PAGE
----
Wi-Fi has made incredibly strong progress in penetrating almost every area where wireless communications are needed, despite its relatively humble roots as a LAN standard only.
It reaches into carrier-class networks and the internet of things as well as high definition home video, and its broad reach is creating an increasingly vibrant set of innovations and start-ups around it. These will be necessary to supplement the work of the standards bodies if the technology is to continue to adapt and advance, and meet the emerging needs of new wireless applications.
A series of interesting developments have been seen in recent weeks, all of which could influence Wi-Fi's positioning in the years ahead. One comes from a Stanford start-up called Kumu, whose new circuit and algorithms allow incoming and outgoing signals to use the same frequency without interference.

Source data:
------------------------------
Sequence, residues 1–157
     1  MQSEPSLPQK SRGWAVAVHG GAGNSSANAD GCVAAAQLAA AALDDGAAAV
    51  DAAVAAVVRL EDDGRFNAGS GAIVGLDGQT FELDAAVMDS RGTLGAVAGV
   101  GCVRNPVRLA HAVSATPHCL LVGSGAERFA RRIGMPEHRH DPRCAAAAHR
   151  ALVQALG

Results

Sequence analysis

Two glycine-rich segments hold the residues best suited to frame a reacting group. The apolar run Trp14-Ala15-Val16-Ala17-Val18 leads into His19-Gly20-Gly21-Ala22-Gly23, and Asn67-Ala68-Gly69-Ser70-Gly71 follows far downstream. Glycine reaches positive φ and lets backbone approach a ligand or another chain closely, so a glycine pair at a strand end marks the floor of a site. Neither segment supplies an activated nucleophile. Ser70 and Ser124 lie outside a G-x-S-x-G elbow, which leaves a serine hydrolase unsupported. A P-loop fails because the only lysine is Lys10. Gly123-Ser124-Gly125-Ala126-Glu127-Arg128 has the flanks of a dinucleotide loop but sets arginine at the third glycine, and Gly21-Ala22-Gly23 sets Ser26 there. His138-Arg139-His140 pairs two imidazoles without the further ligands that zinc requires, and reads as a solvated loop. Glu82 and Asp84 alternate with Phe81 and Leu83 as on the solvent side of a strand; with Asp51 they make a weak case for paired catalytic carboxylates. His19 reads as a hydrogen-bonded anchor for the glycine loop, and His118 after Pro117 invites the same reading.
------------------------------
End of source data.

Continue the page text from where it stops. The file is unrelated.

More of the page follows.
That could lead to significantly better spectrum usage and data rates, since all the spectrum could be used for both uploading and downloading at the same time. Radios generally use separate frequencies to send and receive, or switch between send and receive modes on the same frequency, otherwise the outgoing signal will drown out the inbound one. Co-founder Sachin Katti told MIT Technology Review that the Kumu radio generates an additional signal that cancels out the interference.
This is a different approach to established interference cancellation techniques, and could be applied to cellular networks, not just Wi-Fi – and especially in TDD networks where upload and download frequencies are not separated. Kumu will test its radio with “major wireless carriers” from 2014.
Another start-up with big promises is AirPlug, which says its technology delivers an 80% reduction in mobile data traffic burden without the need for new hardware, by combining Wi-Fi and cellular.
The company has scored its first publicly announced deployment of its AirCloud system, with Korea Telecom.